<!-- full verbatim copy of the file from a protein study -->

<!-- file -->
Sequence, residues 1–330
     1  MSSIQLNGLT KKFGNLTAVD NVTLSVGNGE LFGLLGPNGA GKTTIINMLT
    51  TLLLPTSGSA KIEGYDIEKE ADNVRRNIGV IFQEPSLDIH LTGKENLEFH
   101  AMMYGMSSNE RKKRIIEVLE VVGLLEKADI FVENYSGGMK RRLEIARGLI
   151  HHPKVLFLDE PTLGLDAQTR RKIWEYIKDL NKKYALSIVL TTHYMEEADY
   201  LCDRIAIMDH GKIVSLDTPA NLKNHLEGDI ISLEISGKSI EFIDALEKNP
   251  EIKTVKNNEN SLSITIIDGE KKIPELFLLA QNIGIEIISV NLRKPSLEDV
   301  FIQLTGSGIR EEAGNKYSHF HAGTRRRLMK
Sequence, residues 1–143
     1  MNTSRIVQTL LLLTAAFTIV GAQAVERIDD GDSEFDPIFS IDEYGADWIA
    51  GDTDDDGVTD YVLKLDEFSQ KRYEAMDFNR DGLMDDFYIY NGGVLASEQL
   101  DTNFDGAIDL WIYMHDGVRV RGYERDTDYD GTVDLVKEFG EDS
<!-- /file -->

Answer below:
Sequence, residues 1–330
     1  MSSIQLNGLT KKFGNLTAVD NVTLSVGNGE LFGLLGPNGA GKTTIINMLT
    51  TLLLPTSGSA KIEGYDIEKE ADNVRRNIGV IFQEPSLDIH LTGKENLEFH
   101  AMMYGMSSNE RKKRIIEVLE VVGLLEKADI FVENYSGGMK RRLEIARGLI
   151  HHPKVLFLDE PTLGLDAQTR RKIWEYIKDL NKKYALSIVL TTHYMEEADY
   201  LCDRIAIMDH GKIVSLDTPA NLKNHLEGDI ISLEISGKSI EFIDALEKNP
   251  EIKTVKNNEN SLSITIIDGE KKIPELFLLA QNIGIEIISV NLRKPSLEDV
   301  FIQLTGSGIR EEAGNKYSHF HAGTRRRLMK
Sequence, residues 1–143
     1  MNTSRIVQTL LLLTAAFTIV GAQAVERIDD GDSEFDPIFS IDEYGADWIA
    51  GDTDDDGVTD YVLKLDEFSQ KRYEAMDFNR DGLMDDFYIY NGGVLASEQL
   101  DTNFDGAIDL WIYMHDGVRV RGYERDTDYD GTVDLVKEFG EDS